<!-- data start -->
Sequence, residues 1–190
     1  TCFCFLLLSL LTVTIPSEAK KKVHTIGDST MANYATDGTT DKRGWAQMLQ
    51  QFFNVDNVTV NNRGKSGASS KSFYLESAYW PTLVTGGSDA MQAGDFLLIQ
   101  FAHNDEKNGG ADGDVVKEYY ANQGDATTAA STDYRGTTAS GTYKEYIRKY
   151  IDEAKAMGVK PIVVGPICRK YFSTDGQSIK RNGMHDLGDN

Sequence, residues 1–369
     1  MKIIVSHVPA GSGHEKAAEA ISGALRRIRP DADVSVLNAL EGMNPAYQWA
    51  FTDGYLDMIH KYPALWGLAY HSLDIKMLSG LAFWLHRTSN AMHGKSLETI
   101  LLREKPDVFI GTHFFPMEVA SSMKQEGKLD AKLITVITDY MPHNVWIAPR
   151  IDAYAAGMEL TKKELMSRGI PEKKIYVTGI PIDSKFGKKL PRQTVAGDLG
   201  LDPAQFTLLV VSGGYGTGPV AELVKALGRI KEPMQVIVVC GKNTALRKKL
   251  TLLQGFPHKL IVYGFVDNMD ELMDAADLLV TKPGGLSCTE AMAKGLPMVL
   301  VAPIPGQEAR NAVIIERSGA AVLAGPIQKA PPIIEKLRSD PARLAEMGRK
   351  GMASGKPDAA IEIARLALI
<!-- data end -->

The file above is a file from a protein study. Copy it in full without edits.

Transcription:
Sequence, residues 1–190
     1  TCFCFLLLSL LTVTIPSEAK KKVHTIGDST MANYATDGTT DKRGWAQMLQ
    51  QFFNVDNVTV NNRGKSGASS KSFYLESAYW PTLVTGGSDA MQAGDFLLIQ
   101  FAHNDEKNGG ADGDVVKEYY ANQGDATTAA STDYRGTTAS GTYKEYIRKY
   151  IDEAKAMGVK PIVVGPICRK YFSTDGQSIK RNGMHDLGDN

Sequence, residues 1–369
     1  MKIIVSHVPA GSGHEKAAEA ISGALRRIRP DADVSVLNAL EGMNPAYQWA
    51  FTDGYLDMIH KYPALWGLAY HSLDIKMLSG LAFWLHRTSN AMHGKSLETI
   101  LLREKPDVFI GTHFFPMEVA SSMKQEGKLD AKLITVITDY MPHNVWIAPR
   151  IDAYAAGMEL TKKELMSRGI PEKKIYVTGI PIDSKFGKKL PRQTVAGDLG
   201  LDPAQFTLLV VSGGYGTGPV AELVKALGRI KEPMQVIVVC GKNTALRKKL
   251  TLLQGFPHKL IVYGFVDNMD ELMDAADLLV TKPGGLSCTE AMAKGLPMVL
   301  VAPIPGQEAR NAVIIERSGA AVLAGPIQKA PPIIEKLRSD PARLAEMGRK
   351  GMASGKPDAA IEIARLALI